In a quiet neighborhood a mere block away from one of L.A.'s corridor of art galleries, specialty stores and famous restaurants sits the home of painter Josh Petker. L.A. Weekly stopped by on gloomy Tuesday morning to tour his studio and preview some pieces for his upcoming exhibit "Between Butterflies," which opens at Corey Helford Gallery on April 17.
The exhibit is "a summary of life and death through pop and fashion," explains Petker as he shows a number of paintings featuring women swarmed by butterflies. "I'm interested in how people create identities for themselves, particularly women and fashion. I have a long philosophy that's sort of post-pop art, but I think it's not post rather it's living pop art. Everything today is so pop-oriented when it comes to identity. Are you indie or are you emo?"
He continues, "I chose the name 'Between Butterflies' because, besides the obvious connection between butterflies and metamorphosis, I read the definition for butterflies and one of the definitions is the feeling of anxiety people have when they say they have butterflies in that stomach. So I chose that name because I had this idea of people finding their purpose and being confident because of it."
"I also find it fascinating how people are celebrated after they die," he says as he points to his painting titled "Head Wound #2," which features a woman's portrait that reveals a portion of her skull beneath her skin. "It's this whole concept people have of creating an image and identity while they're alive so as to be remembered after they die. I'm not trying to call anyone out but there are some people I know, especially musicians, who purposefully live extra fast and extra hard simply because they can and because they want to be remembered that way. I'm not saying it's fake but it's definitely something they created to give themselves purpose."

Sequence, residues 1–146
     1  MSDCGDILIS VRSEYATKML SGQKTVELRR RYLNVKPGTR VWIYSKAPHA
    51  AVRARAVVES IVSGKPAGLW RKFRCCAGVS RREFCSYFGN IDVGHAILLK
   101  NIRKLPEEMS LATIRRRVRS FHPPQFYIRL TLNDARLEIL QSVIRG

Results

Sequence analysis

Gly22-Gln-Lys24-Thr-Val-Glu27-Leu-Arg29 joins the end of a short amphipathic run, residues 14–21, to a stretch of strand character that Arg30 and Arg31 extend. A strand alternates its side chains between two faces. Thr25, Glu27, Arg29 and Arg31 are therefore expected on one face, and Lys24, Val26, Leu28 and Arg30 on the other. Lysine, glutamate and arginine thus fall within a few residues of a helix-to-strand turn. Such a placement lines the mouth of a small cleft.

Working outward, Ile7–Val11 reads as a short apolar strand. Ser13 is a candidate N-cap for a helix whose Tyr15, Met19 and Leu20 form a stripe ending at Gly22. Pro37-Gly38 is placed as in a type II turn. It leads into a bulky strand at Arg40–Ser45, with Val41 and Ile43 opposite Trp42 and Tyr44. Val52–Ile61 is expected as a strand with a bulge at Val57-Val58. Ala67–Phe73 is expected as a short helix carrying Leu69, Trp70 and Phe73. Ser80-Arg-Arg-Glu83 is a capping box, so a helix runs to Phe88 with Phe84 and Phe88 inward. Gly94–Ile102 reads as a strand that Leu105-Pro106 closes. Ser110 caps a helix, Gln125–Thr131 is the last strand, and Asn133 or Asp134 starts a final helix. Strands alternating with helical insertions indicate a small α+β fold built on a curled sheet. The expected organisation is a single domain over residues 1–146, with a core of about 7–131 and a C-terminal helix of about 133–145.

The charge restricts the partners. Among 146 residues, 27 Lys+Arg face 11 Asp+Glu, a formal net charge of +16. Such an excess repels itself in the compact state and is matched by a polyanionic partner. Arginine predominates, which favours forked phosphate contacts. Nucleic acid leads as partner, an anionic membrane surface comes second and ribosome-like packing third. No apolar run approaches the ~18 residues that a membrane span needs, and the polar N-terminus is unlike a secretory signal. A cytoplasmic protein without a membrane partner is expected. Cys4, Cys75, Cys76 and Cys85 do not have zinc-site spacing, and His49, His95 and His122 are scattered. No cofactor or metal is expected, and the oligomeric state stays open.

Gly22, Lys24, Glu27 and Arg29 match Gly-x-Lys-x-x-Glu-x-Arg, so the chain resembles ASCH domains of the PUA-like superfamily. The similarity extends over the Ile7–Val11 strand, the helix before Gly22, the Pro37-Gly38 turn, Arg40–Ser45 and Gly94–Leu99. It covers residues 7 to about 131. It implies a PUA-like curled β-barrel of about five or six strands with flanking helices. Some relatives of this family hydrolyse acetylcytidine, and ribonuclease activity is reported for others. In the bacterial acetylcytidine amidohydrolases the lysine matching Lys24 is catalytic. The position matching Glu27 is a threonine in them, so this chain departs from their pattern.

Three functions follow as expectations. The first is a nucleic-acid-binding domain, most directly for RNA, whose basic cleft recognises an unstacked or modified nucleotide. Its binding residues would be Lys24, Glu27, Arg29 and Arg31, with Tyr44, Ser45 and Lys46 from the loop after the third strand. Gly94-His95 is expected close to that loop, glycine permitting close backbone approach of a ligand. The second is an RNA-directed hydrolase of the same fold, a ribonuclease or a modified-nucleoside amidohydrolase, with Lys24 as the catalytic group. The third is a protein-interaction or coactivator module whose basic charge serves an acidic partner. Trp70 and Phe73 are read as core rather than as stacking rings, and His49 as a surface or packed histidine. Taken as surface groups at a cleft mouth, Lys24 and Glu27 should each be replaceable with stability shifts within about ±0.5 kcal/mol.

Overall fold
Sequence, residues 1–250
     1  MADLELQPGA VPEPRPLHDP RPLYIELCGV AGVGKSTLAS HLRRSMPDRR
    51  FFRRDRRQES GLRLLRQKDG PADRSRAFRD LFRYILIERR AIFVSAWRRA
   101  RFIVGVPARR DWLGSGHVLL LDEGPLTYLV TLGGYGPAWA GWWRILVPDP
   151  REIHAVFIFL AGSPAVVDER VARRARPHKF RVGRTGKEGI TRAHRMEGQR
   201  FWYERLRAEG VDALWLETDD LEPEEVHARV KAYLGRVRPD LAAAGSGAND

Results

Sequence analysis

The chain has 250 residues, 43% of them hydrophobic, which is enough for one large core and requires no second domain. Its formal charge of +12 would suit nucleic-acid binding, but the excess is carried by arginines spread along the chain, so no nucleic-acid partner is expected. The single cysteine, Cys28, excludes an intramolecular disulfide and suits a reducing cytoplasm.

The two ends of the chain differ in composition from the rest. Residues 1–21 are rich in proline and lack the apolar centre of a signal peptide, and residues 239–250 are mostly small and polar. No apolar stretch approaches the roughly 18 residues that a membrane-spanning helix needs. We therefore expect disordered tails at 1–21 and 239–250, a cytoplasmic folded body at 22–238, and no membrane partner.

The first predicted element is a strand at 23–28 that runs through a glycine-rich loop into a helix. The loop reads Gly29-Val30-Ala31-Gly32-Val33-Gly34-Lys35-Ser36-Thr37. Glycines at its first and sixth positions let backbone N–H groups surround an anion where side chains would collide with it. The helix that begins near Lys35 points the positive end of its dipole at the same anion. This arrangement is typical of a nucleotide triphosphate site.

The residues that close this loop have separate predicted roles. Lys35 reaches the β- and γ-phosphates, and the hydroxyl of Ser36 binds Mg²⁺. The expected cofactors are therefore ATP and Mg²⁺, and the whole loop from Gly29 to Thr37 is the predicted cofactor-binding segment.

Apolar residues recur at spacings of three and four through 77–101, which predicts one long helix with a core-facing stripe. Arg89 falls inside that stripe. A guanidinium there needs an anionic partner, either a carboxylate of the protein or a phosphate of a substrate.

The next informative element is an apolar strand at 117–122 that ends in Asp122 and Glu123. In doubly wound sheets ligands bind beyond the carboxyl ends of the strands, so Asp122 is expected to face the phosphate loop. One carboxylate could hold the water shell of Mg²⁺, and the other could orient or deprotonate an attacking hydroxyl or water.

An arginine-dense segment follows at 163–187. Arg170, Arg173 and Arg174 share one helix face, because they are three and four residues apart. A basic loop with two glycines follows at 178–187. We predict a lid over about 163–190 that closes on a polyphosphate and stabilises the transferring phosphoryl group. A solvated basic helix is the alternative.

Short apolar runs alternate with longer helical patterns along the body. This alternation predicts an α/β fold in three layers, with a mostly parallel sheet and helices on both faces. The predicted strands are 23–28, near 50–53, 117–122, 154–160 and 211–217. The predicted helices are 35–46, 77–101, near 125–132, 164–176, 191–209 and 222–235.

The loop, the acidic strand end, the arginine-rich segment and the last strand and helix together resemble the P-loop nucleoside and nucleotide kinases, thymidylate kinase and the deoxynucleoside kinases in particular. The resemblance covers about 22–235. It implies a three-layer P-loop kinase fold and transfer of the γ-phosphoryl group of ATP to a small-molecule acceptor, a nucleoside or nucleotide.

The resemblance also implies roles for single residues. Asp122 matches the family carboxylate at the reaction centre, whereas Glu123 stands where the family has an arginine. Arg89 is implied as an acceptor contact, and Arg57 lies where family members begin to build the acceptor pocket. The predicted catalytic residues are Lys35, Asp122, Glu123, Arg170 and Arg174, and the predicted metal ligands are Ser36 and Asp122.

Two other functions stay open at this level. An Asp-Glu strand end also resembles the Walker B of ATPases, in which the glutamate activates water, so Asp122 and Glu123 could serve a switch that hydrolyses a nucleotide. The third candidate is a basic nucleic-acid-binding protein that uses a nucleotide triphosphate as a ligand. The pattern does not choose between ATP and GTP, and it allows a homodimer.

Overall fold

Petker, a self-taught painter and art history major, painted and wrote graffiti as a hobby in high school and college. "I was always making art but not to the extent where I am now," he says. A trip to Europe after college graduation exposed him to an infinite supply of art books including a few that featured the work of Austrian symbolist painter Gustav Klimt, whose work inspired him to pursue painting as a career. He returned to L.A., got a day job at an art museum and spent his nights working on his own pieces.
"It feels like more of a real job than I ever thought it would," he says of his life as a painter. "It used to be something I did as an escape. I would work all day or go to school all day and painting would by the thing I did over the weekend but now I have a lot of painting to do, which I'm happy and not complaining about, but I'm always reminding myself to 'finish this' or 'finish that' or 'this painting needs to be done in four days' or whatever. I still get up in the morning and work all day. It's not as free as I thought it would be but I get to do what I love all day. It's actually made me a better artist because I work a lot harder now on my paintings than I used to."
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"Between Butterflies" opens on April 17 at the Corey Helford Gallery.